Fox Hunting Life with Horse and Hound

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H2000-NavyH2000 / Courtesy Charles OwenCan a foxhunter make use of modern materials and technology for a safer riding experience, yet maintain the traditional look of the hunting field? This has been an ongoing challenge.

With foxhunters representing but a small subset of the total market for riding helmets, it makes good business sense for helmet manufacturers to strive to distinguish and brand their product offerings with stylish new shapes, medallions, stripes, and other decorative touches, none of which resembles anything that would have been acceptable in the hunting fields of even twenty years ago.

Correct hunting attire of the early twentieth century called for men and women field members to wear hunting derbies, with men switching to top hats when in formal attire. Later in the twentieth century, both men and women field members were moving toward the wearing of the iconic hunt cap in the field, traditionally correct only for Masters and staff. The rationale was that hunt caps, covering more of the head, were believed to be safer than derbies and top hats. In the interest of safety, most Masters put up little resistance to this migration.

We recently published a story about Caroline Treviranus, whose accident during the 1978 Three-Day World Championships rapidly spurred equestrian organizations to mandate the wearing of approved safety helmets during competition. So it was that when Caroline started managing my hunting stable some years later, I was still wearing the traditional hunt cap in the field.

Constructed of laminated fabric stiffened with shellac and glue, with no chin strap to keep it on my head in the event of an unscheduled dismount, it provided scant protection compared to the new approved helmets. Caroline, in the interest of job security (and perhaps even my health), commenced nagging me about wearing a safety helmet with harness to go hunting.

I kept brushing her off and putting my old custom-made hunt cap back on. She finally tired of making fruitless entreaties and, on opening day of one cubhunting season, she presented me with a box marked Charles Owen.

“Here’s an early birthday present,” she said.

I’ve worn a safety helmet ever since. To my eyes, the Charles Owen Hampton model has best translated the look of the traditional hunt cap into safe head wear, but this year the company is introducing a new model, the H2000, to the U.S. market that should have special appeal to foxhunters.

A favorite in Britain, the H2000 is covered in plain velvet and features a graceful crown profile more reminiscent of the custom-made traditional hunt cap. It will be available in tack shops this fall, stocked in black, but available as well in navy (for lady Masters or specific hunt liveries) and brown (for men or women during the informal season).

I commend Charles Owen and  every other helmet manufacturer that offer foxhunters protective caps that still hew to the traditional look of the hunting field—caps that provide all the safety of the newer materials, but maintain the appearance and the traditional plain velvet coverings that have come to “brand” us as foxhunters.

Posted June 27, 2014



# Denya Massey 2014-06-27 13:02
Having grown up with either the decorative hunt cap or no cap at all schooling and hacking, transitioning to a safety helmet was made much easier by the comfort and reassurance of the new helmets. I have 3 now for every day, every ride: summer and winter ones for "at home" and the Hampton for showing and hunting. "Mind your Melon" campaign is full on with the eventing world - as it should be in the hunting world.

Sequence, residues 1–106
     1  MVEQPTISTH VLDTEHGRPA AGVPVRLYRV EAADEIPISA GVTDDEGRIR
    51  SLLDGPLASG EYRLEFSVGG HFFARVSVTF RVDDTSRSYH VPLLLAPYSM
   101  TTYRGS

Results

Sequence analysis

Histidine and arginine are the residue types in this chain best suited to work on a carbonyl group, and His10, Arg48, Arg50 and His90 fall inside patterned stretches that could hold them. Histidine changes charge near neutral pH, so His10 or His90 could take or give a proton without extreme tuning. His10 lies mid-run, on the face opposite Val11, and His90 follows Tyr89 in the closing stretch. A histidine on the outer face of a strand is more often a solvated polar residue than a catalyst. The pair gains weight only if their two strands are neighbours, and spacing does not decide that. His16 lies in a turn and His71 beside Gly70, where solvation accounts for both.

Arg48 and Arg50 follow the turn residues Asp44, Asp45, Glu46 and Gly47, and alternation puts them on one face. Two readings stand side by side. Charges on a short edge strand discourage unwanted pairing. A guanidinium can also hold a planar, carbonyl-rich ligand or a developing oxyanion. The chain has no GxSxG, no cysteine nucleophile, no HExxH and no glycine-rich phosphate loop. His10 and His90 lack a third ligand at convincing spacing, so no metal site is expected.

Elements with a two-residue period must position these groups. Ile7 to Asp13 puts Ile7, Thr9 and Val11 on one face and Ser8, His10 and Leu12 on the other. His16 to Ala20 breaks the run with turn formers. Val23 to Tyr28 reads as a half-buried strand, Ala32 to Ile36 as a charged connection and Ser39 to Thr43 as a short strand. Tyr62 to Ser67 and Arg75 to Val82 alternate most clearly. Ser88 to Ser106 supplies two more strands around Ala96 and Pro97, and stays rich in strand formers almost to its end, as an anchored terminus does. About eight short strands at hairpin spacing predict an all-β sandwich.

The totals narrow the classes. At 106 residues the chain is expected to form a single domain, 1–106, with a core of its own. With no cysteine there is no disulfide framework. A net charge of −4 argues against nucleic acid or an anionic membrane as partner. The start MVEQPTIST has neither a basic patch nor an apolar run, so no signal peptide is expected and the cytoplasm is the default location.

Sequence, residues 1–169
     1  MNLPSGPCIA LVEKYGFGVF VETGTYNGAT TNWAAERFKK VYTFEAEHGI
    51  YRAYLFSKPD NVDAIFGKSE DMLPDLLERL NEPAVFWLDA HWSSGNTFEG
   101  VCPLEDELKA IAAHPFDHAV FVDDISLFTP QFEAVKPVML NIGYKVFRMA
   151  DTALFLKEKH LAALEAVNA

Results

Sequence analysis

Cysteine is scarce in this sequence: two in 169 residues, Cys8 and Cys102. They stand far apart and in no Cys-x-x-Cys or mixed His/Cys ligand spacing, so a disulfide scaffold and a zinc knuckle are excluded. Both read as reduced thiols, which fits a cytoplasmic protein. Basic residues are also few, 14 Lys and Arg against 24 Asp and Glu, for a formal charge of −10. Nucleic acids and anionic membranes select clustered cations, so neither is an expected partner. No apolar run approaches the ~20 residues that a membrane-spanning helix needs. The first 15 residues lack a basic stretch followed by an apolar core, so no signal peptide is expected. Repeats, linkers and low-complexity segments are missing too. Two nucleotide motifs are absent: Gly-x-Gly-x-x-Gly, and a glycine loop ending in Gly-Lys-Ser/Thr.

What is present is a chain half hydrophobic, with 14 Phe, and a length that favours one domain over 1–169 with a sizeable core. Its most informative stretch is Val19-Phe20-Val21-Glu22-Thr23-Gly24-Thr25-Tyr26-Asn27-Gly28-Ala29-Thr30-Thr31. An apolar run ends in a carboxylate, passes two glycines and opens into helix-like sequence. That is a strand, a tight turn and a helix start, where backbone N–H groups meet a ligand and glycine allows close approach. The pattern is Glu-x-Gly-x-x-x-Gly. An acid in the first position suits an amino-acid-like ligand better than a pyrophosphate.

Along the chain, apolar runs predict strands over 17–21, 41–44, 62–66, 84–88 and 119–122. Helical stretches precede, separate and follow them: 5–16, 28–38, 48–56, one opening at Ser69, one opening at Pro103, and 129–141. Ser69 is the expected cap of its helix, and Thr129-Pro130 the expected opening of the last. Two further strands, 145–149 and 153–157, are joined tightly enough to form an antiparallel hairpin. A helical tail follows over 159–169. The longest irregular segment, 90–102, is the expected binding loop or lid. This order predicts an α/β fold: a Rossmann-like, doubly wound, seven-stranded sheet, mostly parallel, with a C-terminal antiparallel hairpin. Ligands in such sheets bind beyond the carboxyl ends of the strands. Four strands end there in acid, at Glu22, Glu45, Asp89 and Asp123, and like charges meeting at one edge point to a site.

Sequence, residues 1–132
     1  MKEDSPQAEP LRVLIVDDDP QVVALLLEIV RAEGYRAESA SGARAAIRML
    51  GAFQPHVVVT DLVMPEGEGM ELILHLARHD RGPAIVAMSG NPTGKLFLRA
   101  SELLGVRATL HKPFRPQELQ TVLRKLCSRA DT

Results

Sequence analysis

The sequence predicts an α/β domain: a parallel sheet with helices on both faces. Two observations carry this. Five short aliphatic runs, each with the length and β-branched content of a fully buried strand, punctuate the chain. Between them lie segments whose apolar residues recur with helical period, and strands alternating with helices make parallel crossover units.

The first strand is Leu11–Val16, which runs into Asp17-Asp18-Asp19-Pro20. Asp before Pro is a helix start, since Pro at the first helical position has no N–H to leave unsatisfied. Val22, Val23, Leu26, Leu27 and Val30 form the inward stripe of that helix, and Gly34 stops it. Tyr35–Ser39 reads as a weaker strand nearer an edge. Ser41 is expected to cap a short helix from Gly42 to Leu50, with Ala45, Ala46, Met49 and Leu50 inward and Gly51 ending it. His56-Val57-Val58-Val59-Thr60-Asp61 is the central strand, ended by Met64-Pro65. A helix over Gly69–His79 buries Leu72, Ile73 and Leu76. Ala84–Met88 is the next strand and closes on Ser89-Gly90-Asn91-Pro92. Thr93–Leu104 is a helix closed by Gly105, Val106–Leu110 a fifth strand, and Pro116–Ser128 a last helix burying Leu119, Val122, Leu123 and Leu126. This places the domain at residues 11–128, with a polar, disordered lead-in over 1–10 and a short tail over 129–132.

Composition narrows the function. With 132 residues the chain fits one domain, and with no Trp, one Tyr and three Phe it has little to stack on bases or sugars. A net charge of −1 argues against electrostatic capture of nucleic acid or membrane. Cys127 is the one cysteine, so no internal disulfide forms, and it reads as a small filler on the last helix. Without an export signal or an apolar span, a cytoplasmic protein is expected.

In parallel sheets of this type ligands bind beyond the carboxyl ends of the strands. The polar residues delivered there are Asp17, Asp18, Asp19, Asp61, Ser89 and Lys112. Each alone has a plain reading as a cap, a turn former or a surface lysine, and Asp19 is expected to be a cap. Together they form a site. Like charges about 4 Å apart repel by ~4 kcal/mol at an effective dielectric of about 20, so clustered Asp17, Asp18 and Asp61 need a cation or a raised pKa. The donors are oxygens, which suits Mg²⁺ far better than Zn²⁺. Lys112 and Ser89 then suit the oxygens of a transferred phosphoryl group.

(PS the website's mascot is Cinch, the chinchilla, who is some of the photos... don't ask!!)
# Peter Cook 2014-07-01 13:02
For twenty five years I wore a traditional top hat when dressed in formal hunting red. As I became the odd man out as regards headwear even in the conservative English hunt field, I sought the help of S. Patey (London) Ltd, riding hat manufacturers to Her Majesty the Queen and makers of my top hat. Responding to safety concerns, they had developed a hat that was "two in one" - a traditional hunting top hat, inside of which was one of their protective caps. From the front and side it is indistinguishab le from a regular top hat, but at the back the protective cap comes several inches below the rim of the outer, top hat. The look is fine, but because it is literally one hat built on top of another, it is very heavy and tends to lead to headaches. Peter Cook.
# Cheryl Microutsicos 2014-07-03 14:33
I love the brown one! Must have!! :-)
# Robin Williams 2014-07-03 21:32
Where does one get a custom made hat? Please tell me! I cannot find a hat that fits and I've tried on everything in five tack shops. I have two Charles Owens hats that give me a headache after an hour. I finally chiseled out some of the liner on the sides and that helped, but obviously that is not ideal.
# Gretchen Pelham 2014-07-04 09:51
My experience has been the reverse! The only hats that have given me headaches have been the custom-made! Although the maker can usually fix that.

The best-known maker of custom hunting head wear is Patey in London. I don't know of any in the States.

Re your Charles Owen; it sounds like you need a larger size with more padding added front and back. I would contact the company and see what they can do for you.
# Mary Millhiser 2014-07-12 15:45
I've used Charles Owen helmets for years. But I saw an ad in Cvertside a while back for the George Morris Pegasus helmet. It looked more traditional. I called, gave the person my size & he wanted to know if my head was round or oval. When I said, I had no idea, he had me send him pix of my head from the side &? the front. My hat fits beautifully. Hi Robin, you might want to try Pegasus.

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